A climate change documentary made by Kiwi film-makers for the United Nations will get a global premiere today.

Thirty Million examines the threat posed to the people of Bangladesh by rising sea levels.

The country is considered the most vulnerable in the world to climate change, and is predicted to lose 17 per cent of its land by the end of the century, displacing 30 million people.

Premiere screenings are being held at the UN Headquarters in New York City and in Christchurch today.

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The filmmakers talked to those affected, telling their story through the lens. Photo / ThirtyMillionFilm.org
The filmmakers talked to those affected, telling their story through the lens. Photo / ThirtyMillionFilm.org

They'll also be held throughout the rest of June in Wellington and Auckland, and will be made available to 150 United Nations Development Programme offices around the world.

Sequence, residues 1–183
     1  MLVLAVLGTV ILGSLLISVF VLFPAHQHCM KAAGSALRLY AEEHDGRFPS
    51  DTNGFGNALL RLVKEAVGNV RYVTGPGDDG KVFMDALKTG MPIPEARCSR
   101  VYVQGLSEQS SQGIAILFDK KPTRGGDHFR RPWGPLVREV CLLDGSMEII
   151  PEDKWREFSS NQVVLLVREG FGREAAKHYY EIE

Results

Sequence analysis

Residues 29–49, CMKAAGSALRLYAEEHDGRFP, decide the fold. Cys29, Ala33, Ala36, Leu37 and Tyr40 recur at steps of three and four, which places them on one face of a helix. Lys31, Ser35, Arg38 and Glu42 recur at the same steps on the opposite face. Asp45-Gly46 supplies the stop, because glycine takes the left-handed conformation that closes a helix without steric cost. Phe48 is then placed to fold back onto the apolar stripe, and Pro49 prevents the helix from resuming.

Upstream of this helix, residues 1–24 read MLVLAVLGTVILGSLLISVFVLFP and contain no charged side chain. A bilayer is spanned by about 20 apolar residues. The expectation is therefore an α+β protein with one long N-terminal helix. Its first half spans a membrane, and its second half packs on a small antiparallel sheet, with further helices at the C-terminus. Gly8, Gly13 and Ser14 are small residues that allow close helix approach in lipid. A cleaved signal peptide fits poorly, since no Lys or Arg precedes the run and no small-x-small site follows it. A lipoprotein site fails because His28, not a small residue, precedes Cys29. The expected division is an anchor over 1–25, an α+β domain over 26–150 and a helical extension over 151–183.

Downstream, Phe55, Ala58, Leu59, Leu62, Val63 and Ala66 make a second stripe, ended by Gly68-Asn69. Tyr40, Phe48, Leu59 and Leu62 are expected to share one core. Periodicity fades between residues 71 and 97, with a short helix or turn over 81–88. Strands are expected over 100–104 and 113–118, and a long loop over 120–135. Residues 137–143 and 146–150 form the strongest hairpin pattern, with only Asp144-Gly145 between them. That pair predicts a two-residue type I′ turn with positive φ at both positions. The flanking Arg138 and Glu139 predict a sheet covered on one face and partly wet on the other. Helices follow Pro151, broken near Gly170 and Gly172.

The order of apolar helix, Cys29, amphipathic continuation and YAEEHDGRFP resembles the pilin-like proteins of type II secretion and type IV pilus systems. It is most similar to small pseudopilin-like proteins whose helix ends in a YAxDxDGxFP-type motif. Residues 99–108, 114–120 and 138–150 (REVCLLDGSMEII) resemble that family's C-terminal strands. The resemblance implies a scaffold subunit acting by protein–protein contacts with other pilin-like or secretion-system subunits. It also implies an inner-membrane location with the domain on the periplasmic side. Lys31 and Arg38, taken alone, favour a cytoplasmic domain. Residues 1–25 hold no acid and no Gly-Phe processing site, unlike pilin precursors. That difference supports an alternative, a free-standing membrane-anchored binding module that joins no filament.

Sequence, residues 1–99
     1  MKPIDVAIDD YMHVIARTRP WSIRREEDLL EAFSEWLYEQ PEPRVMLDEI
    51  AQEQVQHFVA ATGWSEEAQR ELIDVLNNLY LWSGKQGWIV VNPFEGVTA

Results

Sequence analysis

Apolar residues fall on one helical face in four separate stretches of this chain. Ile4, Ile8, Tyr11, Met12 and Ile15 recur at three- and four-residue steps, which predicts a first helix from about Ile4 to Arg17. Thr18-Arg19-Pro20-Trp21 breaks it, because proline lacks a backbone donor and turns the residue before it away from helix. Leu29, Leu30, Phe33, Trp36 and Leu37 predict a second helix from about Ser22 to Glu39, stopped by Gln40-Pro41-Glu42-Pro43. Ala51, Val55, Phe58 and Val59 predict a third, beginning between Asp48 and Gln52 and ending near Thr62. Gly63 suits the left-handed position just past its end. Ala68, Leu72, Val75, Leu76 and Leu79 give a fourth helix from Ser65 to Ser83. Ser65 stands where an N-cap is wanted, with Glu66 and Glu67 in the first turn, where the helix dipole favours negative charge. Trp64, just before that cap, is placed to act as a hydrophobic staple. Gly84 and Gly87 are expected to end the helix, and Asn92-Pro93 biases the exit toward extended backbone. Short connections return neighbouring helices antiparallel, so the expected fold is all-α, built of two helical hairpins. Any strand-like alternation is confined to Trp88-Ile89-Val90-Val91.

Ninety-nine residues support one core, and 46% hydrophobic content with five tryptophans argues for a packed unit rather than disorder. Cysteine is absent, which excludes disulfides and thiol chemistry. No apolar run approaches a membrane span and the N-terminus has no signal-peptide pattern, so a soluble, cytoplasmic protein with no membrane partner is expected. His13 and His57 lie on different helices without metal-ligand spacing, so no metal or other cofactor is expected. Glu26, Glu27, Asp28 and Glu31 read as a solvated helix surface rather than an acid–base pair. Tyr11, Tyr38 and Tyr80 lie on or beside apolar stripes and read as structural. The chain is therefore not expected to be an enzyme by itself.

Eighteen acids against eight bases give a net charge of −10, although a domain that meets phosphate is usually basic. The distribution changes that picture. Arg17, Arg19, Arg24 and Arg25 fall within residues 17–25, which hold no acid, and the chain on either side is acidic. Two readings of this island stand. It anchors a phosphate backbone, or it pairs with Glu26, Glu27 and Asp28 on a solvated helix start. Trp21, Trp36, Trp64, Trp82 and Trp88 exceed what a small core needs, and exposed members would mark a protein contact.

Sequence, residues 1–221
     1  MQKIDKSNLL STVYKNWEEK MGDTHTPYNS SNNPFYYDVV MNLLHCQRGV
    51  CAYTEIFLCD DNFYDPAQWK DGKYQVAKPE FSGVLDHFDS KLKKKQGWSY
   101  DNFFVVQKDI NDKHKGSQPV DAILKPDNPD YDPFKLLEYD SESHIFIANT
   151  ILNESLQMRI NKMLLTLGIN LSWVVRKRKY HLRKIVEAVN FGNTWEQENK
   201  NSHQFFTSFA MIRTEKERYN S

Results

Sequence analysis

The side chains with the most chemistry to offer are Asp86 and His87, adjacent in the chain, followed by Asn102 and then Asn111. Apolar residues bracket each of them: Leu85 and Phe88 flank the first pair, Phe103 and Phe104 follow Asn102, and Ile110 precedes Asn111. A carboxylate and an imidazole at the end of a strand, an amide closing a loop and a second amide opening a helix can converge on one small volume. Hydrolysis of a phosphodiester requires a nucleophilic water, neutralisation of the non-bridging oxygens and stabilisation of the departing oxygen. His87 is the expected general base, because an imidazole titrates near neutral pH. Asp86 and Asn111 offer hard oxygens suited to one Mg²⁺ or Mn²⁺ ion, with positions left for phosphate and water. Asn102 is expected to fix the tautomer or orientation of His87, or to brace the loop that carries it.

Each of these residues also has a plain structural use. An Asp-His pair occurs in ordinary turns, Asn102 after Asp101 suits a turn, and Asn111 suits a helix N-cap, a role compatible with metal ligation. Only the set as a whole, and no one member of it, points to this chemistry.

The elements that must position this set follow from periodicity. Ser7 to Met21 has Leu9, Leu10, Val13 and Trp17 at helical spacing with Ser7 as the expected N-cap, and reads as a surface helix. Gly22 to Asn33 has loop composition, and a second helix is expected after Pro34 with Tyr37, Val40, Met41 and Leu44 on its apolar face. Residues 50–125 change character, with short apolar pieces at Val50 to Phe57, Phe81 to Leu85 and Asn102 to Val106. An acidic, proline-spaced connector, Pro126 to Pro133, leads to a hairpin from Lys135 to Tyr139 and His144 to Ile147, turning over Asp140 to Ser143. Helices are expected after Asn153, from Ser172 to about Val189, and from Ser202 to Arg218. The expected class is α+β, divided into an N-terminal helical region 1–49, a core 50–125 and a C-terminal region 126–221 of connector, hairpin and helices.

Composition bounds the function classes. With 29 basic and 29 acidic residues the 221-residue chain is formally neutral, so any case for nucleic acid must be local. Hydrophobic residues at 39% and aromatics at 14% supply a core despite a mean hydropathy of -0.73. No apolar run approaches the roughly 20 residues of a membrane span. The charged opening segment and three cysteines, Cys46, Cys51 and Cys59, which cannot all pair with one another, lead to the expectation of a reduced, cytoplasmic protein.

The film will also be launched online so people can live stream the global premiere.

The film was co-directed by New Zealand-based Adrien Taylor and UK-based climate scientist Dr Daniel Price, and features UNDP head and former Prime Minister Helen Clark.

"Doing a world premiere with your friends in your living room is an engaging and low-carbon way to get the film out there to as many people as possible at once," says Dr Price.

The controversial shipwrecking industry along the coast near Chittagong is a photographic icon of Bangladesh. Photo / ThirtyMillionFilm.org
The controversial shipwrecking industry along the coast near Chittagong is a photographic icon of Bangladesh. Photo / ThirtyMillionFilm.org

"Thirty Million is a non-commercial labour of love. None of us are being paid to make it; we just want people to see it."

They say the amount of people who could be affected is almost 10 times the amount of people who have fled Syria during its crisis, and the issue has been tagged by the Pentagon as "a major threat to global security and peace".

The documentary was made to give the people of Bangladesh a voice and to show people in the West how what happens there will affect us here.

"These people have contributed virtually nothing to the problem of climate change, yet are facing the harshest punishment for our actions, or rather: inaction," says Taylor.

"Although we can pass it off as their problem, the point is it's morally our problem right now."